Farmer investors are getting an update this week on the progress being made with Genesis Fertilizers proposed $1.7 Billion Urea Fertilizer Plant for Western Canada.

Genesis Fertilizer and Grain already has a fertilizer distribution centre at Belle Plaine, which will also be the future site for the 700 thousand metric tonne urea fertilizer facility.

Over the last few years farmers have seen an increase in fertilizer prices and now are looking at Ottawa's proposed 30 per cent fertilizer emissions reduction target.

Genesis board member Garth Whyte - past president of Fertilizer Canada - doesn't believe we'll see a restriction on fertilizer. 

"No government could do that. I've kind of ironic you look at the United Nations Sustainable objectives. The first two are in poverty and feed the world. The next ones are environmental. You need a balance you need both. I think we can do both."

Barrie Mann, vice president of investor relations says despite urea being produced in Western Canada, farmers here pay some of the highest prices because we're landlocked from shipping routes with the price being set out of NOLA (New Orleans Louisianna) port.

Under the Genesis proposal,  75 per cent of the plant's annual urea production will be sold direct to farmer investors who through their investment are locking in tonnage based on what they'll use on their farm,  the other 25 per cent will be sold on the open market.

He points out the real benefit for producers as "investors" is the return on the margins direct to the farmer.

Whyte says it's really unique being a vertically integrated closed loop system, adding that the Belle Plaine area where the plant would be built offers a wide range of natural resources.

"The owner is actually going to buy the fertilizer so they're getting a surety of supply and they get some of the profitability from that fertilizer plant. That's a very appealing process. And if it can be set up in Belle Plaine where there's gas right there, water right there, electricity is there, it's central. That's really intriguing and a good thing."

Mann points out a number of benefits come with building the plant in Saskatchewan, with the natural resources that are available here.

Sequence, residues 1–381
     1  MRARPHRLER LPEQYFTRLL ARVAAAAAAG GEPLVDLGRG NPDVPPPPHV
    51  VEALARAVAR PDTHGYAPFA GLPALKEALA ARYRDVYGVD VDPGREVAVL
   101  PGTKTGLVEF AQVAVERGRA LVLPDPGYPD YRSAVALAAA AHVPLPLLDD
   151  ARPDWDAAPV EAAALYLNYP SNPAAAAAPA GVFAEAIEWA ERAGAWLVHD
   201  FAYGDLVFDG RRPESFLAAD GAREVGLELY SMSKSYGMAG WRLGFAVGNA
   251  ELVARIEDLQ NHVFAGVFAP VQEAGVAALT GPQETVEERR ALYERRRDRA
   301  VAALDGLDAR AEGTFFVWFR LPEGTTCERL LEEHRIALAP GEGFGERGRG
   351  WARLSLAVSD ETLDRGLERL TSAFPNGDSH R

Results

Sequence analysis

The Saskatchewan Government is also supportive of the project through their tax incentives program with Genesis benefiting from up to $625 million just by building in the province.

Mann says at this point the Genesis project is moving along at a very strategic pace adding they've now reached the stage in the equity raise where they have sufficient capital and good reserves to move fully forward with the front-end engineering design.

"We're over in the Netherlands right now and meeting with the company StamiCarbon that owns the technology and builds the reformers that make the urea and also the granulation of the urea. So very crucial. They're about 50 per cent of the plant. The other side, of course, is the ammonia which is also in Germany, we will be meeting with that company next week. And that's all about narrowing down what they call the basis of design."

He notes the engineering phase takes about 12 months to complete, while the actual plant construction is expected to take about 32 months from start to finish.

Genesis Fertilizers will be also setting up a number of SuperCenters across Manitoba, Saskatchewan, and Alberta that will efficiently source, store, blend, and distribute fertilizer directly to farmers.

In general, there's a lot of discussion around fertilizer pricing and use with Ottawa's proposed fertilizer emission reduction target which suggests by 2030 the Federal Government wants to see fertilizer emissions reduced by 30 percent from  2020 levels.

Whyte says he's not concerned by the political climate today and the fertilizer emissions reduction goals.

"My prediction - there will be no restriction on fertilizer. No government could do that. It's kind of ironic you look at the United Nations Sustainable objectives. The first two are end poverty and feed the world, the next ones are environmental. You need a balance you need both. I think we can do both."

More information on Genesis Fertilizers Urea Fertilizer Plant can be found here.